available for federal benefits.
President William McKinley cited reconciliation between the North and South in a speech that followed the conclusion
of the Spanish American War on December 14, 1898. A number of former Confederate officers had volunteered for service
during the war, which had helped secure U.S. victory, McKinley said:
… Every soldier’s grave made during our unfortunate Civil War is a tribute to American valor. And while, when those
graves were made, we differed widely about the future of this government, those differences were long ago settled
by the arbitrament of arms; and the time has now come, in the evolution of sentiment and feeling under the providence
of God, when in the spirit of fraternity we should share with you in the care of the graves of the Confederate
The Cordial feeling now happily existing between the North and South prompts this gracious act, and if it needed
further justification, it is found in the gallant loyalty to the Union and the flag so conspicuously shown in the
year just past by the sons and grandsons of these (Spanish American War veterans).
What a glorious future awaits us if united, wisely, and bravely we face the new problems now pressing upon us,
determined to solve them for right and humanity.
That flag has been planted in two hemispheres, and there it remains the symbol of liberty and law, of peace and
progress. Who will withdraw from the people over whom it floats its protecting folds? Who will haul it down? Answer
me, ye men of the South, who is there in Dixie who will haul it down?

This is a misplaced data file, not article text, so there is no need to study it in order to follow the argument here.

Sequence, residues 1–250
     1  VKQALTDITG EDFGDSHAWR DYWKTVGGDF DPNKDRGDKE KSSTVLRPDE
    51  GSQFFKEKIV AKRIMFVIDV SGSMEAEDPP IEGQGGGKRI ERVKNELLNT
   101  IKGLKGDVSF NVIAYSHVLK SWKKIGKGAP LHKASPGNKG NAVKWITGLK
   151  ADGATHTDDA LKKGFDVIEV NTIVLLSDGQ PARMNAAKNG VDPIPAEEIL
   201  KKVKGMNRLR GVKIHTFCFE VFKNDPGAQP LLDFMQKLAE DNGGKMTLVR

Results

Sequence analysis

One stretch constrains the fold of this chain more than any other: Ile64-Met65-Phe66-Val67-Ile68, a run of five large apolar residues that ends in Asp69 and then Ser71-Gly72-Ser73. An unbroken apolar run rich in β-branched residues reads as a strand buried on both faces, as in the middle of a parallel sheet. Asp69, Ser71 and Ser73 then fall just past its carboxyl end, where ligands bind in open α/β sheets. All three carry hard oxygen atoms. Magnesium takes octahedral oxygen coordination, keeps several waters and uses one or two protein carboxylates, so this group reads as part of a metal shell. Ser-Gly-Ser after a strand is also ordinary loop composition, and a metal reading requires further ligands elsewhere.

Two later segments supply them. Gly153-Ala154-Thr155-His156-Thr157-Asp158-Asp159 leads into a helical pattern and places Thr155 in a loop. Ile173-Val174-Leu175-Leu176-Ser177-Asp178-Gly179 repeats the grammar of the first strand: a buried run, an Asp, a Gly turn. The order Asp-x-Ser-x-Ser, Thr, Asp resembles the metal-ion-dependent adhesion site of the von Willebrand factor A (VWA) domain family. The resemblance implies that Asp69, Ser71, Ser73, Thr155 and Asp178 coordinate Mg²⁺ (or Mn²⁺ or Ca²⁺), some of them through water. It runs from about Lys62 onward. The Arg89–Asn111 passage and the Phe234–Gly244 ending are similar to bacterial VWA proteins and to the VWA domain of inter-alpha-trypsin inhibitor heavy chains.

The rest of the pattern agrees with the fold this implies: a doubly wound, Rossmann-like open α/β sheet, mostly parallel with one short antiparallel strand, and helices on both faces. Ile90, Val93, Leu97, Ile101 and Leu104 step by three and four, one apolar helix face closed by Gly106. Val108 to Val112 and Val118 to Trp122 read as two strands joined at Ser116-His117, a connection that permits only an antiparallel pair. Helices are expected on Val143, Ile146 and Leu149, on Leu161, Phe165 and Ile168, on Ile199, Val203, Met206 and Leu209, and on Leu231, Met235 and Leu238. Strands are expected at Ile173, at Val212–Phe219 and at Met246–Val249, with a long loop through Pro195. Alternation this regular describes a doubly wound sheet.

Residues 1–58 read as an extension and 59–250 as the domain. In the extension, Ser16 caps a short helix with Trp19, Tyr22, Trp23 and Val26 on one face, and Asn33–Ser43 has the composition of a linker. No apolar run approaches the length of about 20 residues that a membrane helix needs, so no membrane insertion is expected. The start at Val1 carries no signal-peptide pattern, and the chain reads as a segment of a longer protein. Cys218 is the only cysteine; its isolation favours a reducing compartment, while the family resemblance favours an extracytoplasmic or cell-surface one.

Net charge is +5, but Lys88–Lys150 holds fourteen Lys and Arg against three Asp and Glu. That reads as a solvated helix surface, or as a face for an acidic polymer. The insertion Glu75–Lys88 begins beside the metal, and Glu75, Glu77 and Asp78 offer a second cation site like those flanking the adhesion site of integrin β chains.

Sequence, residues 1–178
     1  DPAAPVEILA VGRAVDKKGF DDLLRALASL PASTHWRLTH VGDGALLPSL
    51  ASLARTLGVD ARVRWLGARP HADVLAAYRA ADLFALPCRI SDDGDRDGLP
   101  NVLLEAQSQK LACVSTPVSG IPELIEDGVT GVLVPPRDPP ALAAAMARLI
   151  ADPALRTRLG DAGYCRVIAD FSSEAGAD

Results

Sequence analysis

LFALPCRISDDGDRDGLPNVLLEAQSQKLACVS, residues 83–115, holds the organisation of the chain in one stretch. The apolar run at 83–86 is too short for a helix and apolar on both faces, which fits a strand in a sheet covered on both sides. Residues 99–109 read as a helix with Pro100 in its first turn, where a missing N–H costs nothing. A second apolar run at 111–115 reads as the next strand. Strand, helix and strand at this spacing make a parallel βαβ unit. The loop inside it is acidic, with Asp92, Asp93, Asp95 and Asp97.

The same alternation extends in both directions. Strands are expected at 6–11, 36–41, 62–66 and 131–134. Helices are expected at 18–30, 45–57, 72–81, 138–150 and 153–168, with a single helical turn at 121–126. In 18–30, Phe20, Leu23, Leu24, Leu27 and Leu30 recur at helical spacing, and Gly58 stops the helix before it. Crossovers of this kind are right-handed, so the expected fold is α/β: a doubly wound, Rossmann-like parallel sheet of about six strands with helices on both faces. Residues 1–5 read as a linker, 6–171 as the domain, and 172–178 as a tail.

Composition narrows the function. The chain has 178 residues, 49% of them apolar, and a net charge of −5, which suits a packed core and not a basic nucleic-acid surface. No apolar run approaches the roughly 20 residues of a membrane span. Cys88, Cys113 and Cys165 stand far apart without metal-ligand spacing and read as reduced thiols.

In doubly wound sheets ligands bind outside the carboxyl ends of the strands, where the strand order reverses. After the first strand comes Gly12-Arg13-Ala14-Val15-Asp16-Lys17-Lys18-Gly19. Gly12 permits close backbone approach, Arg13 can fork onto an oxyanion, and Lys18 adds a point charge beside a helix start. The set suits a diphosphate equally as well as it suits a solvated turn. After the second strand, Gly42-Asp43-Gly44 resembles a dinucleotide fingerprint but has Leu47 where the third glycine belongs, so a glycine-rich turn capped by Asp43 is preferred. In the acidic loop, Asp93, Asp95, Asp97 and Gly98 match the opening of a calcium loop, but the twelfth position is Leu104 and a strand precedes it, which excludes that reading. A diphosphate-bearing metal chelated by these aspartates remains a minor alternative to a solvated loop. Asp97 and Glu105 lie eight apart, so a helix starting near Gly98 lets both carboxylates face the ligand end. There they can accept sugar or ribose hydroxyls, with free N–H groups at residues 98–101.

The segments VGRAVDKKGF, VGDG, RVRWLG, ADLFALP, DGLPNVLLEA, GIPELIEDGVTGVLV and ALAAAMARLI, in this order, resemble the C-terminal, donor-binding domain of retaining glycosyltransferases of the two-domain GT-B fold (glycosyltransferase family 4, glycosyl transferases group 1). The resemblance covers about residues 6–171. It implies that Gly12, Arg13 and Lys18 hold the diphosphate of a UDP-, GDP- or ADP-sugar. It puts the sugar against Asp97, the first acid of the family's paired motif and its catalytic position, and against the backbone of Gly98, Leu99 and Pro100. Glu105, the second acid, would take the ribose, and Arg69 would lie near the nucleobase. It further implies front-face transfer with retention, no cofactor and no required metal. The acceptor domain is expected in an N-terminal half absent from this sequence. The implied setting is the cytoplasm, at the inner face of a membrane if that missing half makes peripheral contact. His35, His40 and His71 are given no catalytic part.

McKinley called for federal recognition of Union and Confederate soldiers because he viewed them all as Americans.
Meanwhile the Yankees gave little thought to the suitability of the round top wooden headboards as a marker for
the graves of Yankee soldiers fallen in battle. In 1865, when burials in national cemeteries approached 100,000,
serious consideration began to be given to the long range economy of maintaining the wooden headboards then in
use. It was estimated that the total recovered dead of the Civil War would be around 300,000 (Yankees) and, considering
the average cost of a headboard at $1.23 each and a life expectancy of not more than five years, it became obvious
that the original and replacement costs would exceed $1 million over a 20-year period.
Aside from the problems of economics surrounding the use of wooden headboards, public sentiment was turning to
a more permanent mode of marking graves. Several years of controversy ensued within the War Department as to the
type of headstone that ought to be used in lieu of the wooden headboard. There were those who favored the use of
marble and those who favored galvanized iron coated with zinc. The controversy between marble and galvanized iron
continued with intermittent periods of vigor and apathy for seven years.
Detail of a photograph of Alexandria National Cemetery, Virginia, 1862-69, showing graves marked by wooden headboards.
Photographer, probably Andrew Russell. Library of Congress.
In 1873, Secretary of War William W. Belknap adopted the first design for stones to be erected in national cemeteries.
For the known dead, the department adopted a slab design of marble or durable stone four inches thick, 10 inches
wide and 12 inches in height extending above the ground. The part above the ground was polished and the top slightly
curved. The number of the grave, rank, name of the soldier and the name of the state were cut on the front face.
This original design for the permanent headstone was referred to as the "Civil War" type, and was furnished